Reference will next be made to FIG. 2 which schematically describes the control logic contemplated for effectuating the above. Ignoring for the moment the reversing interlocks 44, 46 and 48, it will be noted that the power lever schedules free turbine speed (NF ref) by generating a biased signal responding to flight Mach No. (MN) and compressor inlet temperature (T2) in the function generator 50. The actual free turbine speed (NF) is compared with NF ref in summer 52 which signal is passed to the governing compensation network 54. Network 54 is a suitable well known proportional plus integral fan speed governor serving to modulate the fuel within the conventional fuel constraints scheduled by control 26.
It is apparent from the foregoing that NF is set as a function of PLA, T2 and MN and speed governing through the proportional plus integral fan speed governor modulates fuel flow to maintain the speed error at zero.
In order to compensate for the inertia of the gas generator turbine and compressor and obtain fast thrust response by pitch change it is desirable to incorporate an anticipatory circuit. This anticipatory signal responding to PLA rapidly changes fuel flow relative to the slow changes in NF so as to provide the change in power needed to hold the desired speed of the fan while fan pitch is changed. This anticipatory signal which may be a suitable derivative signal, i.e. a reset which is proportional to the velocity of the input signal, minimizes fan speed excursions and helps to improve the thrust response characteristics during transient conditions.
While a well known K S/τS + l type of mechanism may be employed as the anticipatory signal, FIG. 3 describes a preferred embodiment for effectuating the anticipatory function. In this instance the basic proportional and integral speed control is obtained by time integration of a derivative and proportional signal of speed error. Similarly power lever anticipation signal is obtained by time integration of a derivative signal.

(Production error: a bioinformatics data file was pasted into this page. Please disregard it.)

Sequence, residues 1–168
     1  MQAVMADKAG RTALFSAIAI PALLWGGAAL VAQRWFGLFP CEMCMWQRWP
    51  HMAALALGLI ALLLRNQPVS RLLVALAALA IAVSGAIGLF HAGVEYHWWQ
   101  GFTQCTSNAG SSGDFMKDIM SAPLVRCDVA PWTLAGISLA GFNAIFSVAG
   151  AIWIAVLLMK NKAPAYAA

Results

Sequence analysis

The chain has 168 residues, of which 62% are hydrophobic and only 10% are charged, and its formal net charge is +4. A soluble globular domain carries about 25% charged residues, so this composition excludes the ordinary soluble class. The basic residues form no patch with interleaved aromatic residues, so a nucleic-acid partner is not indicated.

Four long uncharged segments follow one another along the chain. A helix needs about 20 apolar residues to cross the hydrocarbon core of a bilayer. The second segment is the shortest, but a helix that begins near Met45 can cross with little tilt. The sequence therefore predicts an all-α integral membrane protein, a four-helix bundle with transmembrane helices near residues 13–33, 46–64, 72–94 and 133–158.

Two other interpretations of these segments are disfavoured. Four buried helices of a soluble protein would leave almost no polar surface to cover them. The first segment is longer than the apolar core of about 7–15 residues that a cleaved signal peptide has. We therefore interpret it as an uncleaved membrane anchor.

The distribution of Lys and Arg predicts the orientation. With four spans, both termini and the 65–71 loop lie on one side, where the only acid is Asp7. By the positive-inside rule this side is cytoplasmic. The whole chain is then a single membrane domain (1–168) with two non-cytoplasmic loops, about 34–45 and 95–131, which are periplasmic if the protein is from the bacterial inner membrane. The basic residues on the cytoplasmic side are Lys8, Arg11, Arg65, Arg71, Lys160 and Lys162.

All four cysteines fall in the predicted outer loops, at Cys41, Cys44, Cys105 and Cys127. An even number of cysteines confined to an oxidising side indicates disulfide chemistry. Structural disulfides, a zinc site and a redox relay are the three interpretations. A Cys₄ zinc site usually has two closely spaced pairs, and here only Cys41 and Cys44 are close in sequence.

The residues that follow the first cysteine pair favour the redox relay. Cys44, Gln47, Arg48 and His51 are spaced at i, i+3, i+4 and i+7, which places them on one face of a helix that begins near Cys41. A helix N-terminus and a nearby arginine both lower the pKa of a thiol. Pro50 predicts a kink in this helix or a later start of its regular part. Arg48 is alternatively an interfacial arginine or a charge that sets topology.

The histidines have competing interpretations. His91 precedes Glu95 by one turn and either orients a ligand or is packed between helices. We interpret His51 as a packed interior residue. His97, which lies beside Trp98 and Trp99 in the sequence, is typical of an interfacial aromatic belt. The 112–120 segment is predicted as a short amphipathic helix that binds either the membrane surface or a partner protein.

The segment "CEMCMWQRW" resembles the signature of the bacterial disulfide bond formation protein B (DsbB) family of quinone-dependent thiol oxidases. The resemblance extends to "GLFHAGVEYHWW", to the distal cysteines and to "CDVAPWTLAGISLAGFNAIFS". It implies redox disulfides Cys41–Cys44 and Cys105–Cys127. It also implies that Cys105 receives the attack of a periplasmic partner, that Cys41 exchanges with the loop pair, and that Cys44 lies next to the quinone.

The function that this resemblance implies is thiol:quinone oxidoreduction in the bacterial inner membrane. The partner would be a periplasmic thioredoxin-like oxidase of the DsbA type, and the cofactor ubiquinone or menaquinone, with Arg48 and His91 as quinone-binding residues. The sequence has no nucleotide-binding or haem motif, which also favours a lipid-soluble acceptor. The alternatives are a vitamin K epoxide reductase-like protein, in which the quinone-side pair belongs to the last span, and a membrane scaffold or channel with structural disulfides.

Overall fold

In either instance, anticipation is a function of PLA and flight MN, so that below a predetermined PLA and above a predetermined MN no anticipation will occur. This is represented by the curve in box 56 of FIG. 2. Thus at the point of the curve in function generator 56 where the curve becomes horizontal, the scheduled output is constant and hence no anticipation signal will ensue. It is only when the PLA reaches a predetermined value, that anticipation will occur and will generate a signal which will pass to the anticipation compensation circuit 58. The curve in box 56 is shaped to provide anticipation only in the low MN forward thrust regime where rapid thrust modulation is required for take-off and landing.
Hence, since power lever can change very rapidly, the speed error and anticipation derivative can become very large magnitude - short time duration signals. To avoid loss of a portion of these signals due to unavoidable signal limiting these derivative signals are converted into smaller amplitude - longer duration signals. This is accomplished by providing a rate - limited first order lag and then computing the derivative of this lag output as shown in FIG. 3. The combination of summer 60, high gain 61, limits 62, and time integration 63, form a rate limited first order lag such that the output from 63 follows the anticipation signal from box 64 with a defined maximum rate. It is obvious that the derivative of the time integration may be obtained from the input to the integration, thus the signal to the integration into box 63 is also passed through the anticipation gain 65 to yield the PLA anticipation signal.
The fan speed governor is basically a conventional proportional and integral control. This is mechanized in FIG. 3 by forming the speed error 66 from the difference between NF REF and NF SENSED, then passing this error signal through a proportional gain 67 and integral gain 68. A rate-limited derivative of the proportional signal is formed in essentially the same manner as used in the anticipation circuit, except that the integration 72 has magnitude limits to permit smooth transition from fuel limiting to speed governing. Specifically, the combination of 69, 70, 71, 72 form a rate-limited lag that is also magnitude limited in box 72. The derivative 73 of the box 72 output is added to the speed integral signal from box 68 and the anticipation signal from box 65 in summation 74. The output from summation 74 is a measure of the desired rate of change of engine fuel. This signal is passed to the fuel control and time integrated 76 (within the fuel constraints 75 scheduled in the fuel control) for effecting changes in metered fuel flow.